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Leptospirosis Outbreak in AZ

Leptospirosis Outbreak in AZ:

  • An outbreak of leptospirosis in dogs was recently identified in Maricopa County. Over 50 dogs in Maricopa County have been diagnosed since February 2016.
  • Navajo County has identified 2 cases of leptospirosis in dogs since the on-set of this outbreak.
  • To date, none of the people with exposure to the sick dogs have been diagnosed with leptospirosis, however a few Maricopa County residents have illnesses that are currently being investigated.

Leptospirosis, a bacterial disease that can affect people and animals, has been on the rise in Maricopa County dogs since February, 2016. The bacteria that causes leptospirosis is spread in the urine of infected animals, including rodents, wildlife, pets, and livestock. People and dogs can be infected through contact with infected urine or urine-contaminated water or wet soil. Dogs with leptospirosis can potentially spread the infection to people and those that work with animals may be at increased risk for infection. Dogs with leptospirosis can shed the bacteria in their urine for up to several months, even if they don’t have symptoms.

  • For Dogs
  • For People
  • For Animal Facilities/Vets
  • For Healthcare Providers

Even dogs who only go outside in their owner’s yard can be exposed by infected rodents or other small wildlife.

 

Signs & Symptoms

Symptoms of leptospirosis in dogs can include:

  • Fever
  • Lack of energy
  • Lack of appetite
  • Red eyes
  • Vomiting
  • Diarrhea
  • Signs of kidney or liver damage which can include frequent urination, excessive drinking, yellow eyes and skin, decreased urination, or abdominal pain

Some dogs do not show signs of illness or only have mild illness. Leptospirosis infection can be fatal or result in permanent kidney or liver damage.

Symptoms of leptospirosis in people can include:

People with symptoms of leptospirosis most often have mild flu-like symptoms, however occasionally severe illness resulting in liver or kidney damage can occur. Symptoms of leptospirosis in people include:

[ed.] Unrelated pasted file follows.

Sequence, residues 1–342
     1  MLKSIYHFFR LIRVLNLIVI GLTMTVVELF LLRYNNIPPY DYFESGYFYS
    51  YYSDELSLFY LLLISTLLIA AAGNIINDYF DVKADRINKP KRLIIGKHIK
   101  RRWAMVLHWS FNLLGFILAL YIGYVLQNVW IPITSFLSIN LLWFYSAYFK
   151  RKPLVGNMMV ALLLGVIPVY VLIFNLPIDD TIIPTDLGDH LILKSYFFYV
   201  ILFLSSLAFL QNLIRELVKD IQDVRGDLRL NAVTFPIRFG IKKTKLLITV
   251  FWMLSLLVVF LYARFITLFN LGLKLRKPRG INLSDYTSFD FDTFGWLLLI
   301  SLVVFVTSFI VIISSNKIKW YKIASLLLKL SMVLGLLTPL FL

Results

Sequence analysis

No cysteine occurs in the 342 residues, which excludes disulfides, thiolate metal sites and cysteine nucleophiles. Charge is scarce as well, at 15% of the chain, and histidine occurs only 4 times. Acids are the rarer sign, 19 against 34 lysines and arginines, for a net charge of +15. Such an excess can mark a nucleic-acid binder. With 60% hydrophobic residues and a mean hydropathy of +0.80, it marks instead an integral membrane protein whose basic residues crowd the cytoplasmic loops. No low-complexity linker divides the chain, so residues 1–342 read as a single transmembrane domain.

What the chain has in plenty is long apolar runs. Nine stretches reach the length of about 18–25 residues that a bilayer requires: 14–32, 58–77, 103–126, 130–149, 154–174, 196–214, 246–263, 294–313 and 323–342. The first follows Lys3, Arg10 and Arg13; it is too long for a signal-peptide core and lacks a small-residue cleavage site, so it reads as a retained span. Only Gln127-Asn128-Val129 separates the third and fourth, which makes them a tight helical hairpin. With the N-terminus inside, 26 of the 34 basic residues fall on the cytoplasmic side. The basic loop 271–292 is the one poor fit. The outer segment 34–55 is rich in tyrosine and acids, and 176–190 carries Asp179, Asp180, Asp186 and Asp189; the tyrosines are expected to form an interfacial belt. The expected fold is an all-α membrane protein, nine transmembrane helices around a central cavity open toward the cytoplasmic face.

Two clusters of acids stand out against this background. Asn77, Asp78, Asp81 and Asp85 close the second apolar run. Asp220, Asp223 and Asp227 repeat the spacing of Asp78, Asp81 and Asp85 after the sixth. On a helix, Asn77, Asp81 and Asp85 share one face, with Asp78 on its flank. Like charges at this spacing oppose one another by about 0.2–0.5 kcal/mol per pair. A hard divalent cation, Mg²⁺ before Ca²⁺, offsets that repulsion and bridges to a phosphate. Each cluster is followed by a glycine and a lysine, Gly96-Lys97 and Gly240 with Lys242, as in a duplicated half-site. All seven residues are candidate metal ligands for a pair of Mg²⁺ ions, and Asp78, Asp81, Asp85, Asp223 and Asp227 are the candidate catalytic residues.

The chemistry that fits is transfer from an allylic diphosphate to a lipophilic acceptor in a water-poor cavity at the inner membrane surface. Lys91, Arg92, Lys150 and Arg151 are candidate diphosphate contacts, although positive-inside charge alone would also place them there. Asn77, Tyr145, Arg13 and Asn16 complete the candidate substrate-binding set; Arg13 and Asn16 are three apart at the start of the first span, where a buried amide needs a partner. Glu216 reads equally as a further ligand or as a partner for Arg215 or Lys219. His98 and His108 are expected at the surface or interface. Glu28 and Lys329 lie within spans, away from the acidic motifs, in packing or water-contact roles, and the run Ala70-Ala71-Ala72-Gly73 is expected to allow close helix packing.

• Fever
  • Headache
  • Chills
  • Severe muscle pain (especially calves and thighs)
  • Red eyes
  • Rash, yellow eyes and skin, vomiting, diarrhea, confusion, and liver and/or kidney damage can also occur.

People typically get sick about a week after they are exposed but it can take as little as 2 days and as long as 30 days for someone to show symptoms. Most people do not show any signs of illness. Certain types of leptospirosis can be more severe, especially for people who are older or have underlying medical conditions.

Prevention for Animals:

  • Avoid swimming or wading in water that may be contaminated with animal urine, or drinking potentially contaminated water. This includes unchlorinated water, dog parks, daycare or boarding facilities.
  • Avoid contact with rodents and wildlife to reduce exposure to the bacteria.
  • Avoid exposure to urine and urine-contaminated soil, water, grass, food or bedding from infected animals (such as rodents, wildlife, farm animals, and other dogs).
  • A leptospirosis vaccine is available which can help prevent infection and disease, and should be discussed with the dog’s veterinarian. The vaccine does not have a higher likelihood of causing vaccine reactions than any other vaccine. Exercise standard precautions in dogs with a history of serious vaccine reactions or in which vaccination is contraindicated.

Prevention for People:

  • Wear protective clothing (such as gloves and gowns/coveralls) and waterproof shoes or boots to avoid exposure to contaminated urine or urine-contaminated water or soil.
  • Cover any cuts or wounds with waterproof dressings before potential exposure to contaminated infected animals, or contaminated urine or water.
  • Avoid swimming and other recreational activities in water that may be contaminated with animal urine, or drinking potentially contaminated water.
  • Avoid contact with rodents and wildlife to reduce exposure to the bacteria.
  • Avoid exposure to urine and urine-contaminated soil, water, grass, food or bedding from infected animals (such as rodents, wildlife, farm animals, and other dogs). Wash your hands after handling or cleaning up animal waste.
  • People who have depressed immune systems or are pregnant should avoid contact with potentially infected animals.

 

For more information: 
Contact Adam Wolfe
Navajo County Communications Manager
Office: (928) 524-4165
adam.wolfe@navajocountyaz.gov

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